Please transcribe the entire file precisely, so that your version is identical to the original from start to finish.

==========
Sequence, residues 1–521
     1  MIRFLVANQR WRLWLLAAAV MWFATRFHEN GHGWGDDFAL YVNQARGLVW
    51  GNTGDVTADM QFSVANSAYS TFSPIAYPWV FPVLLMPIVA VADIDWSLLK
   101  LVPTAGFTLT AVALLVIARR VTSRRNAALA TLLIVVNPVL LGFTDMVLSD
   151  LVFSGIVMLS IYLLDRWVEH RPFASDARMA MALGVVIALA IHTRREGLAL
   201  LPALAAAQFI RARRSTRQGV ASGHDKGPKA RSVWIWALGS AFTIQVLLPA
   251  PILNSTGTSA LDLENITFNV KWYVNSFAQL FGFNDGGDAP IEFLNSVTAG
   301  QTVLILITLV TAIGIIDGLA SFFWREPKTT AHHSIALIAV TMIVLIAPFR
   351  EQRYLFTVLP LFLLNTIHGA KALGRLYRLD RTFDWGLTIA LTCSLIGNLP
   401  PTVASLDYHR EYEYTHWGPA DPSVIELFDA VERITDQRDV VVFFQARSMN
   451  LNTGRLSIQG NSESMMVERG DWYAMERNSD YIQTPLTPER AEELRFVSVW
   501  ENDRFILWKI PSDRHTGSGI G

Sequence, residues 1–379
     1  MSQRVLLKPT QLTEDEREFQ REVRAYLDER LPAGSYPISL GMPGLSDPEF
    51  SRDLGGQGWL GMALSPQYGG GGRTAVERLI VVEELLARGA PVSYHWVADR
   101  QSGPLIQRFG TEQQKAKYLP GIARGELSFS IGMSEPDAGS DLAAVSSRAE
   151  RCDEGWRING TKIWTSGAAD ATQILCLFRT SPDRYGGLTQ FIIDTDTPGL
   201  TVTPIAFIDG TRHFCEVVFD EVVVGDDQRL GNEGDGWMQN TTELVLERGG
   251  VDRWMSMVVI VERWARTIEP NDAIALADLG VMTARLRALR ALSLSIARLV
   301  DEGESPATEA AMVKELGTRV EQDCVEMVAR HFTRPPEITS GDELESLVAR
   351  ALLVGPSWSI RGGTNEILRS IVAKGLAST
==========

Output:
Sequence, residues 1–521
     1  MIRFLVANQR WRLWLLAAAV MWFATRFHEN GHGWGDDFAL YVNQARGLVW
    51  GNTGDVTADM QFSVANSAYS TFSPIAYPWV FPVLLMPIVA VADIDWSLLK
   101  LVPTAGFTLT AVALLVIARR VTSRRNAALA TLLIVVNPVL LGFTDMVLSD
   151  LVFSGIVMLS IYLLDRWVEH RPFASDARMA MALGVVIALA IHTRREGLAL
   201  LPALAAAQFI RARRSTRQGV ASGHDKGPKA RSVWIWALGS AFTIQVLLPA
   251  PILNSTGTSA LDLENITFNV KWYVNSFAQL FGFNDGGDAP IEFLNSVTAG
   301  QTVLILITLV TAIGIIDGLA SFFWREPKTT AHHSIALIAV TMIVLIAPFR
   351  EQRYLFTVLP LFLLNTIHGA KALGRLYRLD RTFDWGLTIA LTCSLIGNLP
   401  PTVASLDYHR EYEYTHWGPA DPSVIELFDA VERITDQRDV VVFFQARSMN
   451  LNTGRLSIQG NSESMMVERG DWYAMERNSD YIQTPLTPER AEELRFVSVW
   501  ENDRFILWKI PSDRHTGSGI G

Sequence, residues 1–379
     1  MSQRVLLKPT QLTEDEREFQ REVRAYLDER LPAGSYPISL GMPGLSDPEF
    51  SRDLGGQGWL GMALSPQYGG GGRTAVERLI VVEELLARGA PVSYHWVADR
   101  QSGPLIQRFG TEQQKAKYLP GIARGELSFS IGMSEPDAGS DLAAVSSRAE
   151  RCDEGWRING TKIWTSGAAD ATQILCLFRT SPDRYGGLTQ FIIDTDTPGL
   201  TVTPIAFIDG TRHFCEVVFD EVVVGDDQRL GNEGDGWMQN TTELVLERGG
   251  VDRWMSMVVI VERWARTIEP NDAIALADLG VMTARLRALR ALSLSIARLV
   301  DEGESPATEA AMVKELGTRV EQDCVEMVAR HFTRPPEITS GDELESLVAR
   351  ALLVGPSWSI RGGTNEILRS IVAKGLAST